49 minutes | 10 months ago
Episode 343: The Enneagram and Personal Development with Jessica Denise Dickson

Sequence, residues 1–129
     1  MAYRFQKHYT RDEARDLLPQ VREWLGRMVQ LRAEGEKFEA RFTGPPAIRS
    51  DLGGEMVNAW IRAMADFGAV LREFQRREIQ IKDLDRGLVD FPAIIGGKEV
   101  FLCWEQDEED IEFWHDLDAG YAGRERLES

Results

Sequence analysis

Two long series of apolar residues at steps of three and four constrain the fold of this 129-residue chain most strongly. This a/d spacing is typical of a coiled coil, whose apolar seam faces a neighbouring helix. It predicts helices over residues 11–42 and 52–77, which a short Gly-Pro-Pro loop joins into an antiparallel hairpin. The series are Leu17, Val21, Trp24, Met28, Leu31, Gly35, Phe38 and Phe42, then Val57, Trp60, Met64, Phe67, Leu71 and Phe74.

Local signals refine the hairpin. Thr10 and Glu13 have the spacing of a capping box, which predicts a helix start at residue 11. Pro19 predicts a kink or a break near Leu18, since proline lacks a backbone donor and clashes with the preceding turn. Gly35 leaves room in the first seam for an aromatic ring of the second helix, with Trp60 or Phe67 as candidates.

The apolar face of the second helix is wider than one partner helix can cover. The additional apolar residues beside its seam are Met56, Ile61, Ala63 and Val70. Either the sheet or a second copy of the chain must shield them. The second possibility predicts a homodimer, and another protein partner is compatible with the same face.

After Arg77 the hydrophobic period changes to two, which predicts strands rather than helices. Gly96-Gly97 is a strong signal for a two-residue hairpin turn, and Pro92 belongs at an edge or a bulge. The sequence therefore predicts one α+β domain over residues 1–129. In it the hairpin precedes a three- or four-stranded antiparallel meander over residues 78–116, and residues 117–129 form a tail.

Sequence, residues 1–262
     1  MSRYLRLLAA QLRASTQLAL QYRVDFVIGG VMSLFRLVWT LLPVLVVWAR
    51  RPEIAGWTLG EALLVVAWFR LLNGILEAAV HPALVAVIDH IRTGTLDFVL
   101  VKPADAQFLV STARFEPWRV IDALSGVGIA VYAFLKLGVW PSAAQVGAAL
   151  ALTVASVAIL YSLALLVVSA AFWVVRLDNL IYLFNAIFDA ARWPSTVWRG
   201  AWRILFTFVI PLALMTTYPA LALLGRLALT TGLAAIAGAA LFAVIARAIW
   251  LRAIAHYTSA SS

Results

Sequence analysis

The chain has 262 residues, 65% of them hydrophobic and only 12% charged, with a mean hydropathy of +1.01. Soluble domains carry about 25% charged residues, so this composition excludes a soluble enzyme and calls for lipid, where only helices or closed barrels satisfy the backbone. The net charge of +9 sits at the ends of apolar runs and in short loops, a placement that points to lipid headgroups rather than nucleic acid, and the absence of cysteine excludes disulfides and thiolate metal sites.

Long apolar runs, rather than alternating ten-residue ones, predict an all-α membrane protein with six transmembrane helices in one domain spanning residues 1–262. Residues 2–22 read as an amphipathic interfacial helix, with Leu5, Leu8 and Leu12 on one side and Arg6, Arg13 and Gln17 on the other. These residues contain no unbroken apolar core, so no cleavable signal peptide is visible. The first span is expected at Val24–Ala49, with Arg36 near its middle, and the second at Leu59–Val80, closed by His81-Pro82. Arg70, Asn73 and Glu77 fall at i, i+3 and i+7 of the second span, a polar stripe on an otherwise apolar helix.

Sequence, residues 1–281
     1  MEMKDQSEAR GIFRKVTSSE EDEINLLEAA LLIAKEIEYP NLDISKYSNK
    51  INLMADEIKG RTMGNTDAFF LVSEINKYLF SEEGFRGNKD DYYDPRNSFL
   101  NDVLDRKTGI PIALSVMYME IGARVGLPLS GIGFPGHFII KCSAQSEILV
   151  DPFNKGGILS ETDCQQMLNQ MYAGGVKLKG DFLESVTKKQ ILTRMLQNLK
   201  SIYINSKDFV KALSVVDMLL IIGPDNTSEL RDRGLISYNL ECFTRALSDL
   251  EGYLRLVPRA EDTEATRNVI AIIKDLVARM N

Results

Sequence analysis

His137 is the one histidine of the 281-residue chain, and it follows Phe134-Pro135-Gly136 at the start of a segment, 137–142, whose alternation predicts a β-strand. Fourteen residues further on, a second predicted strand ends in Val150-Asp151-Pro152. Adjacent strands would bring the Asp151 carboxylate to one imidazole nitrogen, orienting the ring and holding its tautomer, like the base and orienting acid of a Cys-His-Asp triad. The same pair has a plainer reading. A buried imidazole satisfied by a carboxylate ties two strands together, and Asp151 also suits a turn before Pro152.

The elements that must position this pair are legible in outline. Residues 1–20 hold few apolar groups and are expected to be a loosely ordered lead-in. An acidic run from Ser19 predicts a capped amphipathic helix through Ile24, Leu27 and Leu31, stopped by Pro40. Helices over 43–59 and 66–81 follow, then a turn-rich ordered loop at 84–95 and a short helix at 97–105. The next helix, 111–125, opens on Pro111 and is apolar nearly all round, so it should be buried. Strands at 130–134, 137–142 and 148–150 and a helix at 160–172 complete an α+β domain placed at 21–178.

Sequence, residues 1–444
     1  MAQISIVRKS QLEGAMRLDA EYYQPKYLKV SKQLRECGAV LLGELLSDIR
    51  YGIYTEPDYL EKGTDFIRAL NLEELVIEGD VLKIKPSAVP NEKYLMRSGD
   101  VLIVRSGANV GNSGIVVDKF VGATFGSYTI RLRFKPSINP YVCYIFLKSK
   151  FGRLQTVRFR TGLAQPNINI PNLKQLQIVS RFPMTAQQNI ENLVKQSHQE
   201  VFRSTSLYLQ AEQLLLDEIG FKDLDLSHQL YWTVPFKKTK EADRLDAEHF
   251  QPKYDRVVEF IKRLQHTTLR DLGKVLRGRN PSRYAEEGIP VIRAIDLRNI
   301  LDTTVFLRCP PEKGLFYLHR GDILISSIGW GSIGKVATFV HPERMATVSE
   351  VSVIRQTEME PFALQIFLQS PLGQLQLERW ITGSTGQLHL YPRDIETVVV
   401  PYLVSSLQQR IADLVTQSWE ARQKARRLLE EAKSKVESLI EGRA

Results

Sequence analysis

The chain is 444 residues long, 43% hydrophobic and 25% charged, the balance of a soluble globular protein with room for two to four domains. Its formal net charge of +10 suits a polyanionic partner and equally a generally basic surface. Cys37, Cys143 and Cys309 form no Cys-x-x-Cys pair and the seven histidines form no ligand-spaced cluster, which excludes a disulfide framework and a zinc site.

How does the enneagram relate to personal development? Well, today we find out. Jessica Denise Dickson is a life empowerment Enneagram coach (and Black mermaid) who believes that when Black women heal, the world heals. She joins me to talk about the enneagram as a transformative tool for personal development. I can’t tell you how excited I am about this topic and guest– as I’ve wanted to have someone on for eons. Today, we discuss what the enneagram is, how it can help you become more self-aware, and help you address your blind spots. We also discuss what the enneagram has to offer during this time of global pandemic and global reckoning with systems of oppression. In this episode you’ll hear: There are a lot of ideas about the enneagram – Jessica breaks down what it is and what it is not. (3:59) How the enneagram can help with self-awareness and empathy. (10:38) Learning your type can be a personal and private experience, as well as, one of validation. (14:20) For systems to change, it comes from doing the work. Jessica shares some information about her course for people who identify as white. (29:31) Enneagram and relationships – there are no rules for making it work between different enneagram types. (37:27) Conflict resolution through the lens of the enneagram. (42:58) Resources mentioned in this episode: Jessica's website Disrupt the Narrative TrueSelf.io Enneagram Institute 1:1 Coaching with Andrea Jessica Denise Dickson is a life empowerment Enneagram coach (and Black mermaid) who believes that when Black women heal, the world heals. Her stand is to support women of color heal and live authentically with self-trust, self-safety, and fully-embodied freedom. Jessica also believes that our desires call us to our future and supports women to get in touch with their dreams. Jessica finds that we have deeper healing when we combine the inner work of the Enneagram with identity work and supports people who identify as white to explore their bias to create a new future. These things have ripples out into the world. Right-click to download the .mp3 The post Episode 343: The Enneagram and Personal Development with Jessica Denise Dickson appeared first on Your Kick-Ass Life.